In France, inflation is likely to peak in 2022

The French economy is facing high inflation not seen since the 1970s. In its forecast published in September 2022, the Banque de France expects an inflation rate of 5.8% for 2022, after 2.1% in 2021 and 0.5% in 2020. For 2023, the projections indicate a harmonized index of consumer prices (HICP) whose increase would be between 4.2% and 6.9%. The probability that the inflation peak has been reached therefore appears greater than that of a continued rise in prices in the coming months.

In a recent note published for the Center for Economic Research and its Applications (Cepremap), we confirm this hypothesis. According to our estimates, there is a 10% chance that inflation will exceed 5.8% between October 2022 and September 2023.

This indicator of high inflation risk has also seen a slight decline in recent months. It had peaked in December 2021 with a 10% risk of inflation exceeding 7.26% in the year 2022. By comparison, in December 2008, at the height of the Great Recession, there was only a 10% chance of exceeding the 0.9% inflation threshold.

Compared to France, the situation appears more delicate in Germany, where the latest data show inflation at an annual rate of 10% in September 2022. We estimate that, beyond the Rhine, there is a 10% probability that inflation will exceed threshold of 9.1% during the forecast period and, in this case, the average risky inflation is 10.1%.

This high inflation risk threshold of 10% also reached its maximum value in December 2021, at 11.6%, and currently stands at 9.1% for the period between October 2022 and September 2023. The peak could therefore be exceeded here too, but inflation remain significantly higher than in France.

The gap widens from 2020

Germany therefore appears today to be clearly exposed to a higher risk of high inflation than France. To put this into historical perspective, the chart below depicts the inflation risk that has a 90% chance of materializing for these two economies since the creation of the eurozone.

This inflation risk in Germany has overall remained higher than in France since 2010, with the gap widening significantly since 2020 and the onset of the economic crisis linked to the COVID-19 pandemic.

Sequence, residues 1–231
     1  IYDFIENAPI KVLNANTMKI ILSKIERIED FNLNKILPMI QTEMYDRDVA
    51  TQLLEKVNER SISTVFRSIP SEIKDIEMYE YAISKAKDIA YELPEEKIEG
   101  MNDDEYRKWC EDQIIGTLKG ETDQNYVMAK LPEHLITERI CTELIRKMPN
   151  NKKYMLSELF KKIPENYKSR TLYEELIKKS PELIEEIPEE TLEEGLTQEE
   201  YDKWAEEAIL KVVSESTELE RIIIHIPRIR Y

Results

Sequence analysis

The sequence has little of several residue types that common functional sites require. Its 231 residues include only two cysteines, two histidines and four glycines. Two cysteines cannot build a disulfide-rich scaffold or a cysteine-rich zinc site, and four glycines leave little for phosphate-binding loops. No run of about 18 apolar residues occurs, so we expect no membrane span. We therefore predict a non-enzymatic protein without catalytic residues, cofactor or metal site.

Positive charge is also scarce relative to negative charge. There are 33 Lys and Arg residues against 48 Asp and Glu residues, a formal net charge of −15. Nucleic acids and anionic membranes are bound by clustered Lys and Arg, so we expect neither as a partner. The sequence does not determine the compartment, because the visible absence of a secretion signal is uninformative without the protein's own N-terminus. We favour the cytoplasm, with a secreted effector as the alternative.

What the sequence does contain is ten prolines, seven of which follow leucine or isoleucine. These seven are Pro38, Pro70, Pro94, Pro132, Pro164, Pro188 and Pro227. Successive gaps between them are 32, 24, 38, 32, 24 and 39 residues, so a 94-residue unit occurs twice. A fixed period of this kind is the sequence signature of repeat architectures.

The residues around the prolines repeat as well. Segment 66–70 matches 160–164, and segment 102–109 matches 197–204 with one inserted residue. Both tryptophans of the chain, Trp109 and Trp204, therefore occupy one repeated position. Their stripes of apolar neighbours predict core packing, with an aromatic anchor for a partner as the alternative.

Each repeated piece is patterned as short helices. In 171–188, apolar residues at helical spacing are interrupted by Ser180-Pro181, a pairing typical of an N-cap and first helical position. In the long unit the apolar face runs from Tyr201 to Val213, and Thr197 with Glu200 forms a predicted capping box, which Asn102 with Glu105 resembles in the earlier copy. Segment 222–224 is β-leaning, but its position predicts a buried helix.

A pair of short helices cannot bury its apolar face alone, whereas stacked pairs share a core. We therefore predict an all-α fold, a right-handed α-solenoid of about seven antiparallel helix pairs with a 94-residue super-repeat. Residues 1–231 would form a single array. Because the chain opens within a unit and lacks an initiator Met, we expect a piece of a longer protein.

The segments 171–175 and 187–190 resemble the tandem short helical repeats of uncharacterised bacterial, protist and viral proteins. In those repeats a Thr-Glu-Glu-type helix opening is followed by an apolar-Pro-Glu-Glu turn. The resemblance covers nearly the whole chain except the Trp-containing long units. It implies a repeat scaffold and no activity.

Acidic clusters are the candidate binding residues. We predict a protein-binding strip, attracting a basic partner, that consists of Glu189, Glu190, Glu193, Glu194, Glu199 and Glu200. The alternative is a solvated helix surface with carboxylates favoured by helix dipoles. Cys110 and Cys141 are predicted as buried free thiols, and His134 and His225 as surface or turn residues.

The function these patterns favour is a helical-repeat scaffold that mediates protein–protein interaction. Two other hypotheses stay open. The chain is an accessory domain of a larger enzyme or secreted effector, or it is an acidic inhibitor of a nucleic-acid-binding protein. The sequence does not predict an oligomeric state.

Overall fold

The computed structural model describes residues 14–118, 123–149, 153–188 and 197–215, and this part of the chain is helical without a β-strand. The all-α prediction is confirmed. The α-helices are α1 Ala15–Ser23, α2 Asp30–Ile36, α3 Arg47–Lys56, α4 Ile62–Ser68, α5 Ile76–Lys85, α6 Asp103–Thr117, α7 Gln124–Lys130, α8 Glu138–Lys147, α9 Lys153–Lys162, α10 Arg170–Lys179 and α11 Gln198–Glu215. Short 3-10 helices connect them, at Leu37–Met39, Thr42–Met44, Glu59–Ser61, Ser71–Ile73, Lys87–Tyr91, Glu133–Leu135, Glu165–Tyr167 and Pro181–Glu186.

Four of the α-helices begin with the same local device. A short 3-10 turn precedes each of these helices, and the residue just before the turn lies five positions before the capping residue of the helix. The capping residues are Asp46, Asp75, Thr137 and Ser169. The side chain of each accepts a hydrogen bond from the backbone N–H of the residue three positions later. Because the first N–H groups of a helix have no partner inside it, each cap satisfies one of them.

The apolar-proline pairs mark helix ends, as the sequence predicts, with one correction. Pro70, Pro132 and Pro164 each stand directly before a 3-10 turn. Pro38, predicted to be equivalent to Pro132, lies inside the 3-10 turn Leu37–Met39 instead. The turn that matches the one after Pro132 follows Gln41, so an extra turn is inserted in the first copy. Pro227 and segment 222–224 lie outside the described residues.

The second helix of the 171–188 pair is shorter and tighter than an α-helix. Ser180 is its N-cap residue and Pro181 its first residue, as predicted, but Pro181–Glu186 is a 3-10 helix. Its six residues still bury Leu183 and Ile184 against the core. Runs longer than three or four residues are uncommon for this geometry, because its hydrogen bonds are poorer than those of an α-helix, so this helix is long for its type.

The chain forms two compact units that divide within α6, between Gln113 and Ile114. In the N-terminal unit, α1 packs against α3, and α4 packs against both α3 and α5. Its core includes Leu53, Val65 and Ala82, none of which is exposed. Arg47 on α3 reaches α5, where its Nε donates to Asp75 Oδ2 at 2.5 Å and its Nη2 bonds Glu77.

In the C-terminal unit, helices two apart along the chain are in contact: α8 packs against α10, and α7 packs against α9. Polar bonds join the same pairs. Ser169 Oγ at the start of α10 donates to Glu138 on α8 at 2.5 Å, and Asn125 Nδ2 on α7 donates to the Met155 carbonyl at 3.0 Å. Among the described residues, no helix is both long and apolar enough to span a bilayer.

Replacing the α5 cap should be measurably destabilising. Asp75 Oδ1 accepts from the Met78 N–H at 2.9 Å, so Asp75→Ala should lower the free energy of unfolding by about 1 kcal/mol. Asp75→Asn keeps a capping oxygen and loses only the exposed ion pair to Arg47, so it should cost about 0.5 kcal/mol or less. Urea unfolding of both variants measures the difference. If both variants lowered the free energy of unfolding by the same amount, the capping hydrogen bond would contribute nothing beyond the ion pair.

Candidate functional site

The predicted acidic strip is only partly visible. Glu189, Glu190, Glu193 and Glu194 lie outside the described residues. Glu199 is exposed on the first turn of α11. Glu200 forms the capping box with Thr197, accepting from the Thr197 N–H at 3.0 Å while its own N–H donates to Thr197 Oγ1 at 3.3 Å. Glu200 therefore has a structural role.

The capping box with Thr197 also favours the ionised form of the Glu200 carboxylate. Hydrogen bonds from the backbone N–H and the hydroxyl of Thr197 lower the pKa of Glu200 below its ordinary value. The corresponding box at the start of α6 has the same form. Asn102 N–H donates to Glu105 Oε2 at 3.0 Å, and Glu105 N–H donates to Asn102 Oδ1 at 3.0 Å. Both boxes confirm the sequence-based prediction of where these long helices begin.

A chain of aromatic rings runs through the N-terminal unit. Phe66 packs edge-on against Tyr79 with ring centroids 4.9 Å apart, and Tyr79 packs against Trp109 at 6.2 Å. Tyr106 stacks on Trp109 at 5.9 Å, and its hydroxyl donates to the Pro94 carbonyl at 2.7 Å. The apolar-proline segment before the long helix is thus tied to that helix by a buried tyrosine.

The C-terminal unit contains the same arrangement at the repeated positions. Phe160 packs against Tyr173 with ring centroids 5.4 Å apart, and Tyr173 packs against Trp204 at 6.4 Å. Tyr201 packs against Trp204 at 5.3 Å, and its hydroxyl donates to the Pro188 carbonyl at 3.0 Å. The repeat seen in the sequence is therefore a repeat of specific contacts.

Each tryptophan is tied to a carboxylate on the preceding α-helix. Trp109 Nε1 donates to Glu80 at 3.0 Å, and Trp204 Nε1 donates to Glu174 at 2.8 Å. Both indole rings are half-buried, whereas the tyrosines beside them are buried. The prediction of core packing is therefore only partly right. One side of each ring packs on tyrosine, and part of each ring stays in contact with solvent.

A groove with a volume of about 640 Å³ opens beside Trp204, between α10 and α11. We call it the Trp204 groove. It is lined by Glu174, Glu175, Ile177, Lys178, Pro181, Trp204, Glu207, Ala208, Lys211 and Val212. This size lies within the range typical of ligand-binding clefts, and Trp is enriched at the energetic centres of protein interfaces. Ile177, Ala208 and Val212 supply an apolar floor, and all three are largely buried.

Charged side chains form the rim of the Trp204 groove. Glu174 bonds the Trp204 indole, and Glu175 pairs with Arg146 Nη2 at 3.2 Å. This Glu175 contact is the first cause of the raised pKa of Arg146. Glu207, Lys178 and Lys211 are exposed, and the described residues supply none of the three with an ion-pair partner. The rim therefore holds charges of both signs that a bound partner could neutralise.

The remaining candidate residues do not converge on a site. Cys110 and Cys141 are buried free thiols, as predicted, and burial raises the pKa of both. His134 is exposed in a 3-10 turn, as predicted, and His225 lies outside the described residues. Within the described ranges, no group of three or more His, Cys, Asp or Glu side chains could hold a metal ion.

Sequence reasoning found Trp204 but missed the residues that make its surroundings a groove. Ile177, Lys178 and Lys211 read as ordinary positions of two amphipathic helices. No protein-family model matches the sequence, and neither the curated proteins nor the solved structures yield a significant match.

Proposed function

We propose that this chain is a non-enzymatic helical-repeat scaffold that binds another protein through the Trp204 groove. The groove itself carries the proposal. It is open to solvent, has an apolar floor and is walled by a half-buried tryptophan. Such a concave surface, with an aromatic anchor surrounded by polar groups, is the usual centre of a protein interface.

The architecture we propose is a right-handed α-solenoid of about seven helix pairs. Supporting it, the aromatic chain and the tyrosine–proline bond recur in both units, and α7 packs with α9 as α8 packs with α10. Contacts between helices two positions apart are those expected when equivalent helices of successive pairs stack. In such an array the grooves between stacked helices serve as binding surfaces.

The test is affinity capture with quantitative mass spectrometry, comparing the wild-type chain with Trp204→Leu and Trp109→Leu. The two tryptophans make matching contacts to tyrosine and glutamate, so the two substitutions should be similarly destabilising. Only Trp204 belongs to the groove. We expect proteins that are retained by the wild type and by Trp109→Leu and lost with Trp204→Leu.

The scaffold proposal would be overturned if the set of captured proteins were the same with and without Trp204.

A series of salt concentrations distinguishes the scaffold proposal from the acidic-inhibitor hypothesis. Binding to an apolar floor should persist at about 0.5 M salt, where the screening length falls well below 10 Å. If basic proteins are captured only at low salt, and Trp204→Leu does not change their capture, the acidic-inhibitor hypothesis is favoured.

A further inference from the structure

To assess the inflation risks facing France and Germany today, we calculated the distribution of probable inflation rates by measuring the influence of several explanatory variables: unemployment rate as a deviation from its trend, composite indicator of systemic risk from the European Central Bank, average inflation observed in the last year, difference between the growth rate of the oil price and the inflation rate in the last year, inflation forecasts one year ahead of the Consensus Forecast and indicator of international tensions on the value chains of Federal Reserve Bank of New York.

This method has notably been applied previously by economists to measure risks of weak growth, inflation risks in the US and the Eurozone or even for inflation risks in Eurozone countries.

An analysis of the economic determinants of these inflation forecasts reveals in particular that exposure to pressures on value chains played a key role in the divergence of inflation risks between France and Germany.

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These value chains designate all stages of a company’s production activity, some of which may be located outside the country in which the company is located. For example, some German manufacturers may have car components manufactured in China or Eastern European countries.

The Covid-19 crisis has caused disruption in these global value chains. The restrictions have led in particular to a slowdown in the international transport of goods and situations of shortages. The graph above, where it is clearly seen that since 2020 the gap is widening between France and Germany, which is more integrated in world trade, therefore illustrates a greater exposure to these risks beyond the Rhine.

The sensitivity of high inflation risk to pressures on value chains is also almost twice as high in Germany as in France. We also estimate that if France had the same sensitivity to value chains as Germany, the risk of high inflation would have been 1.65 percentage points higher on average since 2020.

The divergence of inflation penalizes the euro area

In the context of the euro area, too large a divergence in inflation rates, such as the one described here between Germany and France, constitutes a difficulty for the European Central Bank (ECB), which has a single monetary policy instrument and a single instrument monetary policy target rate of 2% over the medium term.

However, since the inflation target is the average inflation rate of euro area countries weighted by their size, the ECB’s monetary policy now risks penalizing economies whose inflation rates deviate markedly from this average .

In a situation of high inflation, the economies most affected by inflation, such as Germany, would in fact be penalized by an insufficient reaction from the ECB, which would allow significant inflation to develop for too long. Conversely, economies less affected by inflation, such as France, could be penalized by an excessive interest rate reaction, slowing their economic activity excessively.

The evolution of the international political and economic context will therefore be crucial, through its effects on value chains, to limit the divergence of inflation risks between the German and French economies documented in our note and, more generally, the risk fragmentation of the euro area.

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